David Dayen

David Dayen is a contributing writer to Salon.com who also writes for The InterceptThe New Republic, and The Fiscal Times. His first book, Chain of Title, about three ordinary Americans who uncover Wall Street's foreclosure fraud, was released by The New Press on May 17, 2016.

Recent Articles

Our Bankrupt Policy for Puerto Rico

The restructuring of the island’s debt allows no role for the Puerto Rico’s government.

AP Photo/Ricardo Arduengo, File
AP Photo/Ricardo Arduengo, File The Puerto Rican flag flies in front of the Capitol building in San Juan. T he endgame for Puerto Rico’s debilitating fiscal crisis has begun. Unable to manage a $74 billion debt that has accompanied a decade of recession, spikes in poverty, and a mass exodus of citizens, the island will now turn to federal courts to approve a resolution with its creditors. But in many ways nothing has changed for Puerto Rico. The congressionally-imposed fiscal oversight board, known locally as the junta , remains in control as lead negotiator in restructuring talks. Whether Puerto Rico’s three million citizens get a fair deal or a continuation of harsh austerity depends almost entirely on seven unelected, unaccountable technocrats. Frustrating journalists everywhere, what Puerto Rico did on Wednesday cannot be called “bankruptcy,” because Congressional Republicans who passed last year’s PROMESA law didn’t want to be saddled with such language. But the process under...

Merge, Bail, and Make Out Like a Bandit

Yahoo’s Marissa Mayer is just the latest CEO to fail at her job, see her company merged, and float away on a huge golden parachute.

(Photo: AP/Eric Risberg)
(Photo: AP/Eric Risberg) Yahoo CEO Marissa Mayer on February 18, 2016 C orporate America prides itself on rewarding success and punishing failure. Yahoo CEO Marissa Mayer does not fit comfortably into that narrative. During her five-year tenure at the once-proud tech firm, user levels stagnated , ad revenue dropped , acquisitions cratered , layoffs accelerated , product quality floundered , and hackers stole the personal information of more than one billion users. But when Yahoo’s sale to Verizon becomes official in June, with the restructured company renamed Oath , Mayer will walk away with $186 million , according to a regulatory filing released this week. That includes shares of Yahoo stock Mayer owned, stock options, and a $23 million “ golden parachute ” of cash, restricted stock units, and medical benefits. Mayer did relinquish $14 million while taking responsibility for the Yahoo Mail data breach, but she’ll get 13 times that amount just to no longer remain part of the company...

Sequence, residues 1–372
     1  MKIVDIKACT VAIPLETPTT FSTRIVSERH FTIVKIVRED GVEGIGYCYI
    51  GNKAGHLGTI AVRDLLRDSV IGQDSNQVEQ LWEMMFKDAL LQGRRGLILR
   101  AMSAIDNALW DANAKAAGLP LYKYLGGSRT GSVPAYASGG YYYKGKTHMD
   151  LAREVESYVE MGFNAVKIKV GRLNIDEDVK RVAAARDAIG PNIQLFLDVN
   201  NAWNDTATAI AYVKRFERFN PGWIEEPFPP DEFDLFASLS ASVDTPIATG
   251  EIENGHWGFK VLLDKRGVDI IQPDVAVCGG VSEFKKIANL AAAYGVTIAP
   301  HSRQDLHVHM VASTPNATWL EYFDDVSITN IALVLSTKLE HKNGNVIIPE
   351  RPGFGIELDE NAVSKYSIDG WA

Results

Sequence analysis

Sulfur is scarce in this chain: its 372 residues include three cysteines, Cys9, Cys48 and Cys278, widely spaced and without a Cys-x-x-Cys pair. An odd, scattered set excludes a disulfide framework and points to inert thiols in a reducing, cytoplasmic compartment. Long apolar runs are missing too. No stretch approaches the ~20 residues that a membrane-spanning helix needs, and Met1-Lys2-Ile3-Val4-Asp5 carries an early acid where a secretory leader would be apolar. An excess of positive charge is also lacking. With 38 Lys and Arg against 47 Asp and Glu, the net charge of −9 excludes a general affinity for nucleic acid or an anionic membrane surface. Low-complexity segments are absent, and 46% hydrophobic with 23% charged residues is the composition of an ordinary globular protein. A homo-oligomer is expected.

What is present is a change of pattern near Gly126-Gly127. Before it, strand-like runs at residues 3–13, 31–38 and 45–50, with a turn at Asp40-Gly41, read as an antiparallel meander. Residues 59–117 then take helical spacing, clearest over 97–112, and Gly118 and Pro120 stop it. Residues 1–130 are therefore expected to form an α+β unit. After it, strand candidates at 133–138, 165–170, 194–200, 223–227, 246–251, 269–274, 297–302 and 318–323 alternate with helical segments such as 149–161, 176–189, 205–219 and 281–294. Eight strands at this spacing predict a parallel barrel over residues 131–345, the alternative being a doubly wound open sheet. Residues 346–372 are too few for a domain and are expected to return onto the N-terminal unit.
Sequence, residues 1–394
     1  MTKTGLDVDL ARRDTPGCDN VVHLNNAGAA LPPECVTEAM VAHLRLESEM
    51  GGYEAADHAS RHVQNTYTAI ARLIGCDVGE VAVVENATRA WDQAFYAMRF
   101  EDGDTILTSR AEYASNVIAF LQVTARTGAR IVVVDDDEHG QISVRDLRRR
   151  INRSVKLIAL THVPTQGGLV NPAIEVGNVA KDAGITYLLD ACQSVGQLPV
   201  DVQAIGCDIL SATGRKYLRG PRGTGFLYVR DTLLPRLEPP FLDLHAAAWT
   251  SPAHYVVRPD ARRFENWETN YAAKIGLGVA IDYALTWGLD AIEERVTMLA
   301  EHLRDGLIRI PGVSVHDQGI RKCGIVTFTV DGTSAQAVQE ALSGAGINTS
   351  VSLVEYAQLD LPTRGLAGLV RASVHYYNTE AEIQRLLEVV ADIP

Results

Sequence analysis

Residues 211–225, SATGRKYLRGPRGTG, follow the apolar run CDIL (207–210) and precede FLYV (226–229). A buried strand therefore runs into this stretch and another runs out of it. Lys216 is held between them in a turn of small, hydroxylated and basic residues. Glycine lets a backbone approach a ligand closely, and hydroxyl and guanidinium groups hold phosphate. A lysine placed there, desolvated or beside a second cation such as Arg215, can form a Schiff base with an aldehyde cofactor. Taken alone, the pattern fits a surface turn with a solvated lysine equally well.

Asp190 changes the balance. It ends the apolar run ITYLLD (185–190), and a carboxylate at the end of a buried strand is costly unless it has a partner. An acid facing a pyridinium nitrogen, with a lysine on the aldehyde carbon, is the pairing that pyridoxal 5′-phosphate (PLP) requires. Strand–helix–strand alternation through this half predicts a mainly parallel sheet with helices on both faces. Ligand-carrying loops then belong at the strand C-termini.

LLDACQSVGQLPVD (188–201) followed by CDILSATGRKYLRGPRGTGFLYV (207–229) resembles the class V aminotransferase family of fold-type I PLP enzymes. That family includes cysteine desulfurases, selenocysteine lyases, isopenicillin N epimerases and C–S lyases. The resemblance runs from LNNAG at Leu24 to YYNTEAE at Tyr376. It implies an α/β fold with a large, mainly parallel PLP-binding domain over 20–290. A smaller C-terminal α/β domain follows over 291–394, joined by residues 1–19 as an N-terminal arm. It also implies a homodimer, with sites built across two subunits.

Tesla Workers File Charges with National Labor Board as Battle with Elon Musk Intensifies

Employees fight back as Tesla ramps up anti-union policies.

AP Photo/Jeff Chiu
AP Photo/Jeff Chiu Tesla employees at the company's Fremont, California, factory. Capital & Main is an award-winning publication that reports from California on economic, political and social issues. The American Prospect is co-publishing this piece. W orkers at Tesla’s Fremont, California, electric car factory have filed an unfair labor practice charge with the National Labor Relations Board (NLRB), accusing the company of illegal surveillance, coercion, intimidation, and prevention of worker communications. The employees, who have been attempting to organize the approximately 7,000 workers at the plant through the United Auto Workers, claim that Tesla violated multiple sections of the National Labor Relations Act, which protects the right to unionize. “I know my rights, and I know that we acted within them,” said Jonathan Galescu, a body repair technician. Galescu and his colleagues have previously cited low pay, hazardous work conditions, and a culture of intimidation as...

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